Ancestry-independent fate specification and plasticity in the developmental timing of a typical Drosophila neuronal lineage

Ivana Gaziova, Krishna Moorthi Bhat

Research output: Contribution to journalArticlepeer-review

12 Scopus citations


In the Drosophila CNS, combinatorial, interdependent, sequential genetic programs in neuroectodermal (NE) cells, prior to the formation of neuroblasts (NBs), determine the initial identity of NBs. Temporal factors are then sequentially expressed to change the temporal identity. It is unclear at what levels this positional and temporal information integrates to determine progeny cell identity. One idea is that this is a top-down linear process: the identity of a NB determines the identity of its daughter, the ganglion mother cell (GMC), the asymmetric division of the GMC and the fate specification of daughter cells of the GMC. Our results with midline (mid), which encodes a T-box protein, in a typical lineage, NB4→2rGMC→1rRP2/sib, suggest that at least part of the process operates in GMCs. That is, a GMC or a neuronal identity need not be determined at the NB or NE level. This is demonstrated by showing that Mid is expressed in a row 5 GMC (M-GMC), but not in its parent NB or NE cell. In mid mutants, M-GMC changes into GMC-1 and generates an RP2 and a sib without affecting the expression of key genes at the NE/NB levels. Expression of Mid in the M-GMC in mid mutants rescues the fate change, indicating that Mid specifies neurons at the GMC level. Moreover, we found a significant plasticity in the temporal window in which a neuronal lineage can develop. Although the extra GMC-1 in mid mutants is born -2 hours later than the bona fide GMC-1, it follows the same developmental pattern as the bona fide GMC-1. Thus, a GMC identity can be independent of parental identity and GMC formation and elaboration need not be strictly time-bound.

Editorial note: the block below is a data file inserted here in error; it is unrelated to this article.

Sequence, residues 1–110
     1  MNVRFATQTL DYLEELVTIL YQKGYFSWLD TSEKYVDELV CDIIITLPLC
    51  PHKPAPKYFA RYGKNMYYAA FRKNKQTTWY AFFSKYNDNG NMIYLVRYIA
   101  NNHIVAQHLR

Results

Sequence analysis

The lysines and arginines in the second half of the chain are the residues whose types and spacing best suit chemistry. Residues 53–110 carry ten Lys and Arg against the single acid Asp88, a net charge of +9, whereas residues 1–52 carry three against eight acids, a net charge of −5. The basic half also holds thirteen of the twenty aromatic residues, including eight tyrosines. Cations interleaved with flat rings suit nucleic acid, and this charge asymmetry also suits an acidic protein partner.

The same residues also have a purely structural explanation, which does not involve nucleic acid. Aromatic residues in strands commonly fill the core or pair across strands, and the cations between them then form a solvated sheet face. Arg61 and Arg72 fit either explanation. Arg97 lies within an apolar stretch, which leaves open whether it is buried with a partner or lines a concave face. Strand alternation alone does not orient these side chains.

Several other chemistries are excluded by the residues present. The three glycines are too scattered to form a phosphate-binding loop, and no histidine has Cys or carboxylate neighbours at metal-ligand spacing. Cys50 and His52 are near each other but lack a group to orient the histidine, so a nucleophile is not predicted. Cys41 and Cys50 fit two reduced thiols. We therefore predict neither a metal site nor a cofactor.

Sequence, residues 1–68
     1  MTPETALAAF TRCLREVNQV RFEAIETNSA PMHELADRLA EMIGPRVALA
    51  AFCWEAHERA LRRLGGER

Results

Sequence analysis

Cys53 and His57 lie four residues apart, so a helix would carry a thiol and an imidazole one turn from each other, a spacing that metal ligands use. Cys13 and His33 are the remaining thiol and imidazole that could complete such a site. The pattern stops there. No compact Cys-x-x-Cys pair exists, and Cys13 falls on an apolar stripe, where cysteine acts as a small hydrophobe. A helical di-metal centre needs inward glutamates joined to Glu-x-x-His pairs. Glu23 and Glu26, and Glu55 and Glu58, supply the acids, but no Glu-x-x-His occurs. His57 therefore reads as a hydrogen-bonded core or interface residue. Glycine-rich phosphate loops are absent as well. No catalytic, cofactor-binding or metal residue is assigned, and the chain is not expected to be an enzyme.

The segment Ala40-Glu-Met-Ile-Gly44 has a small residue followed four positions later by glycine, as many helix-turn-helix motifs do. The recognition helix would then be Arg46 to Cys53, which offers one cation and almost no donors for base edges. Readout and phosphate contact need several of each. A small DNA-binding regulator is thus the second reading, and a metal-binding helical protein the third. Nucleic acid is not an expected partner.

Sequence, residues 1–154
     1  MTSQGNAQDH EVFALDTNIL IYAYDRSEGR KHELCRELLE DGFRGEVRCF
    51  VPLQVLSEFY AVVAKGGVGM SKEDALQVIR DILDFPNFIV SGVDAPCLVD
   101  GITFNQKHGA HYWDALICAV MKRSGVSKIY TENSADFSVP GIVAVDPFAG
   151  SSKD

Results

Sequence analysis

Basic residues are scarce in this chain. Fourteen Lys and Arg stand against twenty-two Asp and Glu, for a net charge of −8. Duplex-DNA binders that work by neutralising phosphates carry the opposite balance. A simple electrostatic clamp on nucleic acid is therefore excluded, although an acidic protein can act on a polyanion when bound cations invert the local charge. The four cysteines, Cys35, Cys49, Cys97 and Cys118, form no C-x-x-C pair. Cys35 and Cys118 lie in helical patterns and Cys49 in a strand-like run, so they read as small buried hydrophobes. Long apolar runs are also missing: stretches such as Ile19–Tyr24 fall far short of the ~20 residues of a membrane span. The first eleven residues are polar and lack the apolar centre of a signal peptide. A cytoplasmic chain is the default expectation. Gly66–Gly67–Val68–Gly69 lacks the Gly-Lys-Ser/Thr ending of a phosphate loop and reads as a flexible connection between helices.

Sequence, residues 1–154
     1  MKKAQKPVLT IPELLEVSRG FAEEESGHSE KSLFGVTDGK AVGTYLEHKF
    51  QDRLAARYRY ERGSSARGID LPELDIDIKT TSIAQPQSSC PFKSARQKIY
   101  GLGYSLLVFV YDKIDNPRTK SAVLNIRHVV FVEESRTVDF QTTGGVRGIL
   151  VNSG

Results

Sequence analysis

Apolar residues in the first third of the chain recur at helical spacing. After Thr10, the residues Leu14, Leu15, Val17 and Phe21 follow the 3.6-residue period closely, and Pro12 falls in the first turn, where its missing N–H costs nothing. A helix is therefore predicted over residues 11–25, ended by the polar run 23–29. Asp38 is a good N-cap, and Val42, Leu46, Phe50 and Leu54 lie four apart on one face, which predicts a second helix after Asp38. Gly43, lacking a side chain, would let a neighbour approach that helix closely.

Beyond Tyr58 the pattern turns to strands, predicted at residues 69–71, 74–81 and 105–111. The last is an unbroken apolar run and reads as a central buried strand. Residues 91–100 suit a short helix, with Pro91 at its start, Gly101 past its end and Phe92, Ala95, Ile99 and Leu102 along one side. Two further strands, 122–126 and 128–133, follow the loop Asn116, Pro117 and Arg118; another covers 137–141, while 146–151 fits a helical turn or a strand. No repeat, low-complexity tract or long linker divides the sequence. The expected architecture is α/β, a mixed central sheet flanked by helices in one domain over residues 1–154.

Original languageEnglish (US)
Pages (from-to)263-274
Number of pages12
Issue number2
StatePublished - Jan 15 2009


  • Ancestry
  • Drosophila
  • Midline
  • Neurogenesis
  • Transcription

ASJC Scopus subject areas

  • Molecular Biology
  • Developmental Biology


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